Bird Watching – In Defense of “Marie Antoinette”

Coppola tells Marie Antoinette’s life in a series of set pieces. What’s lovely, and twisted, and deep, is that anything at all could be cause enough for a set piece, in the life of this royalty. An extravagant ball at the beginning of the second act of the film calls for the same kind of attention as a quiet countryside moment with a child at the beginning of the third act, because it is Marie’s story, and whatever is most important to her is most important to the film, at any given moment. I ache with her as Louis ignores her, dealing with his own issues, and as she sinks into despair as her sister has a baby, but she has yet to produce a dauphin—the one thing she can do to prove her worth as a human. I understand her urge to drown her sorrows in parties and extravagance, all the while knowing, off-screen, outside the palace grounds, what reality she ignores. She is like an impending victim in a horror film. I try a dozen times to tell her to pay attention and to remember that she is not invincible, to heed the too-tepid advice of her ambassador, as he nudges her, stupidly gently, toward understanding the affairs of her adopted country. She will never listen. She has not been given the tools to understand.

Coppola in her writing and direction and Dunst in her acting (I am a Kirsten Dunst fan, and will never understand the waves of dislike for her) create a character I want to party with and protect at the same time. She’s also surrounded by other characters who are less central but no less electric, such as Rose Byrne’s Duchesse de Polignac, whose laughter echoes across the background of so many scenes, offering Marie Antoinette rare moments of falling out of immediate sight. I am particularly fond of an outdoor dinner party scene, where multiple characters talk over and under one another. The duchess’s voice always overcomes them all. The guests play a game, with everyone trying to blindly guess a character or historical figure they’ve been assigned. The conversations are heady and layered and hard to follow in the same way they might be if we’d all been sitting at the table, drinking too much wine. Once again, we are in Marie’s shoes. The buzz and hum focuses on her connection with a young soldier at the table. As much affection as she has for her husband, with his sexual problems but sweet disposition, she has never felt desired, as she does with this man. The films cuts to a scene of their mutual seduction within her chambers. I am happy for her. She deserves this moment. It will not last.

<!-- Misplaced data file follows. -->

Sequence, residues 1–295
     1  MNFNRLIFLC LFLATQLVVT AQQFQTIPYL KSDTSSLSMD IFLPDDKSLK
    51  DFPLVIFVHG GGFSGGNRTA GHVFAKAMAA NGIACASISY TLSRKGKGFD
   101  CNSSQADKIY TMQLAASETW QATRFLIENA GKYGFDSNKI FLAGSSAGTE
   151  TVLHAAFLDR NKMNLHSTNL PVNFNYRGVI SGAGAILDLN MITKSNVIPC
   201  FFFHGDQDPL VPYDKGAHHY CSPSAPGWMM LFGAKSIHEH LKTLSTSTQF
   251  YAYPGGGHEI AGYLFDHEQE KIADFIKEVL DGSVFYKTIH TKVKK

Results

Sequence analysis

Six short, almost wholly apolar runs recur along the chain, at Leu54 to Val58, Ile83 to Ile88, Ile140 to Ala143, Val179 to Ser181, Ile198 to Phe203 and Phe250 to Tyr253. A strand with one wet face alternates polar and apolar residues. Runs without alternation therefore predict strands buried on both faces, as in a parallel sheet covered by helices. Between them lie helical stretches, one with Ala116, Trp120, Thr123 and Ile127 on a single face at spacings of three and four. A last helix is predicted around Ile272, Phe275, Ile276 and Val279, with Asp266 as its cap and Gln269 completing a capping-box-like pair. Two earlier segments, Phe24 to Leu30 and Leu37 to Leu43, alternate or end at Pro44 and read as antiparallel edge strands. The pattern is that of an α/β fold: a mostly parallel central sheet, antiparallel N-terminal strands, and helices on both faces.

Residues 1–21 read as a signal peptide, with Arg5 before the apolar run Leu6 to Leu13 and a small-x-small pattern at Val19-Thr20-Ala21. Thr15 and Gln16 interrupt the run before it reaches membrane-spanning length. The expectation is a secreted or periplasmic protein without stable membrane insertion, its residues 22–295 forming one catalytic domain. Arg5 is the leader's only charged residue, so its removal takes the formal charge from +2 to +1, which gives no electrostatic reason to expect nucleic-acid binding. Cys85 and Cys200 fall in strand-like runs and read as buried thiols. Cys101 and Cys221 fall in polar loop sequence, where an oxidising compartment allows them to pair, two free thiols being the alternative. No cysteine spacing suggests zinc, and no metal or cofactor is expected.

As we know, things end tragically for Louis XVI and Marie Antoinette. These film versions are victims of their own ignorance, as is their whole country. I don’t know if the real queen would have had the influence she needed to change things if she had really tried. I do know that she lived in a deeply flawed system that was not her invention, but all she had ever known. As the queen refuses to leave her husband’s side even while warned that the revolt approaches the palace, it’s at first not clear whether she still believes everything will be okay. When they are finally taken away, she again stares out the window of a carriage. Louis asks her if she’s admiring her lime avenue. “I’m saying good-bye,” she answers, now fully understanding. We don’t need to see what happens next; the film closes with a shot of the couple’s pillaged bedroom.

This is a film I love more every time I watch it. Dunst and Schwartzman are fantastic; I love how they portray the affection Louis and Marie seem to have for each other even through all their troubles, and the knowing way they look at each other. The supporting cast offers a delight around every corner: Steve Coogan, Judy Davis, Rip Torn. (When your movie’s two-thirds over and then Danny Huston shows up, that’s when you’ve had a casting heyday.) I love the way the film takes us through this story—the decadence and dread swirled together; the way we bask in gorgeous detail but always recognize how senseless it is; the contemporary soundtrack offering the audience signals we would not get from 18th century selections, letting us in instead of lecturing us. There’s nothing at all I would change about this movie. I hope it comes to be appreciated in the way I think it deserves.

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Brandi is one of those people who worries about kids these days not appreciating black and white films. She also admires great moments of subtlety, since she has no idea how to be subtle herself.

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